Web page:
Alwar State

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Alwar State
अलवर रियासत
Princely State of British India
Flag Coat of arms
Flag Coat of arms
Location of Alwar
Alwar State in the Imperial Gazetteer of India
 •  Established 1296
 •  Independence of India 1949
 •  1895 j 8,547 km2 (3,300 sq mi)
 •  1895 j 682,926 
Density 79.9 /km2  (206.9 /sq mi)
Today part of Rajasthan, India

Alwar State was a princely state ruled by a Rajput dynasty during the period of the British Raj in India. Its last ruler signed the accession to the Indian Union on 7 April 1949.[1]


Alwar has been a part of Matsya region of olden times whose capital was Viratnagar. "Alwar" was formerly known as "Ulwar".In fourteenth century Alwar became the capital of Khanzada Rajput dynasty's Mewat State, which was established by Chandrawanshi Rajput Raja Nahar Khan, who converted to Islam in fourteenth century during Firuz Shah Tughlaq's era. Khanzada Hasan Khan Mewati was the last Khanzada Rajput Ruler of Mewat who fought against Babar in the Battle of Khanwa, after his defeat in the battle, the Khanzada Lords ceased control of Mewat. After the Battle of Khanwa, Alwar went under the control of Jats and later under Kachwaha Rajputs.

Pratap Singh, Thakur of Macheri, became a distinguished soldier of fortune in Jaipur State Forces, who eventually entered the Imperial service. He gained many victories against the Jats, receiving Imperial recognition of dominion over some of the territories he conquered. He established an independent Alwar state in 1770, and assumed the title of Maharao Raja of Alwar after successfully conquering the famous fort of that name. Alwar State remained independent princely state till the Partition of India.

Following the Partition of India in 1947, Alwar acceded unto the dominion of India. On 18 March 1948, the state merged with three neighboring princely states (Bharatpur, Dholpur and Karauli) to form the Matsya Union. This union in turn merged unto the Union of India. On 15 May 1949, it was united with certain other princely states and the territory of Ajmer to form the present-day Indian state of Rajasthan.[2]

Jai Dayal Yadav and Prime Minister of Matsya Union Shobha Ram Kumawat played a vital role in bringing education to the rural areas of Alwar after independence.[citation needed]

Rulers of Alwar state

Portrait of Thakur Raja Bakhtawar Singh, standing in a European-style interior.


It is said that Maharaja Jai Singh visited the Rolls Royce show room in London in 1920. He was neglected by the salesmen. Incensed, he bought six cars, brought them to Alwar, and used them for sweeping the streets.[3]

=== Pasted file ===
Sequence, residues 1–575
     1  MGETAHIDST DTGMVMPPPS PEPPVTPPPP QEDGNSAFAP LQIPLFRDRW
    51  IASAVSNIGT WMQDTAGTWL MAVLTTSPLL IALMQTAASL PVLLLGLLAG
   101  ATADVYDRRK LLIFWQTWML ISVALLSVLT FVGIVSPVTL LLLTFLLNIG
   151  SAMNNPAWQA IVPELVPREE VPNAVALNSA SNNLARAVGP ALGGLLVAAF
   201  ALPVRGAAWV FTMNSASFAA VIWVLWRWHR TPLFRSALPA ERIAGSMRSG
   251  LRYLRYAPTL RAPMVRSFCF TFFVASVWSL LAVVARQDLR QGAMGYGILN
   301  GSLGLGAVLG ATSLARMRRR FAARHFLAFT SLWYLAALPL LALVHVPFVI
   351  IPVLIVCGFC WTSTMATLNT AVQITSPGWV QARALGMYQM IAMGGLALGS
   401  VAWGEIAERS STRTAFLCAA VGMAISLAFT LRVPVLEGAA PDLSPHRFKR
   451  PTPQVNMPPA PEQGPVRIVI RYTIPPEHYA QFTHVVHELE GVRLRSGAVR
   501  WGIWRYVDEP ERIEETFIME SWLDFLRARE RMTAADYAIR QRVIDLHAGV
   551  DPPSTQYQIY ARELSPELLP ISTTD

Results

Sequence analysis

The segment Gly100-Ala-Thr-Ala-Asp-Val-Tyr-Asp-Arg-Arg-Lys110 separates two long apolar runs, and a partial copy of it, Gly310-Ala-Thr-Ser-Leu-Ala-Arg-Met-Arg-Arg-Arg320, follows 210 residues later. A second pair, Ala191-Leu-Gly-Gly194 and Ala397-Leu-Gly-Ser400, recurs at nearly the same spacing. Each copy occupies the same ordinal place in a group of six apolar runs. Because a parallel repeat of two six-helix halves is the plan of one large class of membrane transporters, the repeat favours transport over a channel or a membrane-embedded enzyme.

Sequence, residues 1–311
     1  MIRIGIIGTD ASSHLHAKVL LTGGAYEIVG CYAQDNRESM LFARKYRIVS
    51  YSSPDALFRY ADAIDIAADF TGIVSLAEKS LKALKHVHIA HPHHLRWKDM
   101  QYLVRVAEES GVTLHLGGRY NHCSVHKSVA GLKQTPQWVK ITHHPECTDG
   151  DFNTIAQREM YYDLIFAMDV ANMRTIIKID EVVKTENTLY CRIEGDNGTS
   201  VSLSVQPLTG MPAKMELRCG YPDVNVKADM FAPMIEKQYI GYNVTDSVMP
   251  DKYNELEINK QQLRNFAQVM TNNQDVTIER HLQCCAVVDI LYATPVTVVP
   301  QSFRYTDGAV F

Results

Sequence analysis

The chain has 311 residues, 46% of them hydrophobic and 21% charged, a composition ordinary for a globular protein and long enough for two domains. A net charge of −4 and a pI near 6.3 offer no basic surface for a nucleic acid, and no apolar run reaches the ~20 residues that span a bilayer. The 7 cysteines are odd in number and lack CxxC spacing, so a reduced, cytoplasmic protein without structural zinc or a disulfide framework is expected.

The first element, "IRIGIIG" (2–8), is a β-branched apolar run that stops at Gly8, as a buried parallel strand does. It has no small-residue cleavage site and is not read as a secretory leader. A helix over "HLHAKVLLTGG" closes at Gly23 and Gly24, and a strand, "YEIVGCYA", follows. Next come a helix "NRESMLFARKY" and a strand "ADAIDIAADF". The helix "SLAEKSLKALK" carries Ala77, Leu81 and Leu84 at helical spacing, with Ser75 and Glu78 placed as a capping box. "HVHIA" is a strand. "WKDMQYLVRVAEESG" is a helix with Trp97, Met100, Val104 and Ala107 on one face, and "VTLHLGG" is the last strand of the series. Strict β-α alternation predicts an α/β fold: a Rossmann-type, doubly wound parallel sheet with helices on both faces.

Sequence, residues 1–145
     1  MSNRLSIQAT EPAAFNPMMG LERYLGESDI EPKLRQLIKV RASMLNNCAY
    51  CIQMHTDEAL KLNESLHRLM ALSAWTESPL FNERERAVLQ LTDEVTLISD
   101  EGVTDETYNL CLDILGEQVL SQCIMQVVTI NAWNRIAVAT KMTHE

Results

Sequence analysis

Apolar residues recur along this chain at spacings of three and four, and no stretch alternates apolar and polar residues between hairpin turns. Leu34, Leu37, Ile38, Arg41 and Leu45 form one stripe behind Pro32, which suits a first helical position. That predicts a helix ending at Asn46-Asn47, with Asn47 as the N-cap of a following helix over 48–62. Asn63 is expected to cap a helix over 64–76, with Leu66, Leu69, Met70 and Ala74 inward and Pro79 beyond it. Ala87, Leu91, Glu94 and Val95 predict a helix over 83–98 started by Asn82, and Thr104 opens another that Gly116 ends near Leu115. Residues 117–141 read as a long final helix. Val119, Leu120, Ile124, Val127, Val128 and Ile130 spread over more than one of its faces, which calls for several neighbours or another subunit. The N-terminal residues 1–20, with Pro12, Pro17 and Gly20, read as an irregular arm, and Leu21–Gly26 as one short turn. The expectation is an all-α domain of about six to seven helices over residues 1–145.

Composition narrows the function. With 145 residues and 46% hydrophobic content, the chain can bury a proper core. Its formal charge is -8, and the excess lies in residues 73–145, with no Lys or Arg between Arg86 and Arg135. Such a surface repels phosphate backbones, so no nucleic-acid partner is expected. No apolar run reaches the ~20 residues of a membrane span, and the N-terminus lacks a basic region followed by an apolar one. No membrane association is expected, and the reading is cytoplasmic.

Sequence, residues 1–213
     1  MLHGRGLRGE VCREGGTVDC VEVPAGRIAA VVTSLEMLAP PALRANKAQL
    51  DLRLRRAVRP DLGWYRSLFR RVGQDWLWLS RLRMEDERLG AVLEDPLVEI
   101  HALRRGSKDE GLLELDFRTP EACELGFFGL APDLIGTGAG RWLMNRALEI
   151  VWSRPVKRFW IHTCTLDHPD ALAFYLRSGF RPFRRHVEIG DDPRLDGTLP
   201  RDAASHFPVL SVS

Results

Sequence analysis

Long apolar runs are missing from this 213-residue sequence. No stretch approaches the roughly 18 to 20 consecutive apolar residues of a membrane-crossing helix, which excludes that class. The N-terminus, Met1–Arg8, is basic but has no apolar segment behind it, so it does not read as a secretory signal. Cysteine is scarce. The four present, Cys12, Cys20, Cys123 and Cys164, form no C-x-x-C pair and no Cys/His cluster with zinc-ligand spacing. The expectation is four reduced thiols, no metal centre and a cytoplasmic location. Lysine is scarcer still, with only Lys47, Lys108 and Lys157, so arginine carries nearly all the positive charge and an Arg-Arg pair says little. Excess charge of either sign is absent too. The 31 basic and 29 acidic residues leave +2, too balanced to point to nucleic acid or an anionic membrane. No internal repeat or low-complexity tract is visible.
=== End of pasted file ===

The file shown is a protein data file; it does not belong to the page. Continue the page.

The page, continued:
The Alwar City Palace, or ‘Vinay Vilas’, built in 1793 by Maharaja Bakhtawar Singh is now a district administrative office.[4]

See also

  • Alwar
  • Jafri Sadaat in Alwar city, Jafri Sadaat is from the blood line of Imam Jafar e Sadiq Ja'far al-Sadiq. Among three other casts of Sadaat living in Alwar City, one family namely "Jafri sadaat" was residing in Alwar city nearby Jama Mosque. The Ancestors of this family migrated from Iran leaving the shrine of their head named "Shah Chiragh" Shah Cheragh. Syed biyaad uddin migrated from iran and settled in Alwar city on the invitation of Maharana Purtab Singh, the famous worrior, the then Ruler of Rajasthan. The bloodline comes down with his sons. One of his son namely Syed Siraj then Wazir Ali then Syed Hashim then Syed Imam Ali then Syed Haider Ali then Syed Jawahir Ali then Syed Imadad Ali then Syed Mustafa then Syed Nasir then Syed Azhar (the author of this article now residing in Karachi, pakistan). Syed Biyyad uddin was a scholar and a worrior too. He helped Maharana Partap Singh in 2 battles and due to his advises he achieved a portion of Bala Qila as a reward where Mir Biyyad Ali started his religious rituals which continues till the partition occurred. The last resident of this family in Alwar City was Mir Mustafa Hussain who at that time was a Chief Accountant of the then Ruler in 1946. Mir Mustafa choosed to migrate Newly born State Pakistan in 1947. Mir Mustafa has two children daughter Shakeela khatoon and son Nasir Hussain. Mir Mustafa Hussain came to Lahore first in 1947 then Multan then Hyderabad, Sindh, and finally settled in Karachi and died in 1988 at District and Sessions Judge House, Clifton, Karachi. He is buried in local grave yard name Haidri Bagh at Meva shah. His only daughter Syeda Shakeela Khatoon died in 2013 leaving no children and buried in local grave yard Wadi e Hussain near Super Highway Karachi. His only son Syed Nasir Hussain Jafri is still alive and was District and Sessions Judge and retired in 1991, now a days he is a practicing Senior Advocate Supreme Court of Pakistan. The author of this article is his only child Syed Azhar Abbas Jafri, Advocate High Court of Sindh till date. The Shijra can be seen in images attached to this article. Syed Jawahar Ali or mostly known as Mir Jawahar was also a shia religious scholar Shia Islam in India and he also practice spritual exercises Spiritualism. This was the reason of his fame.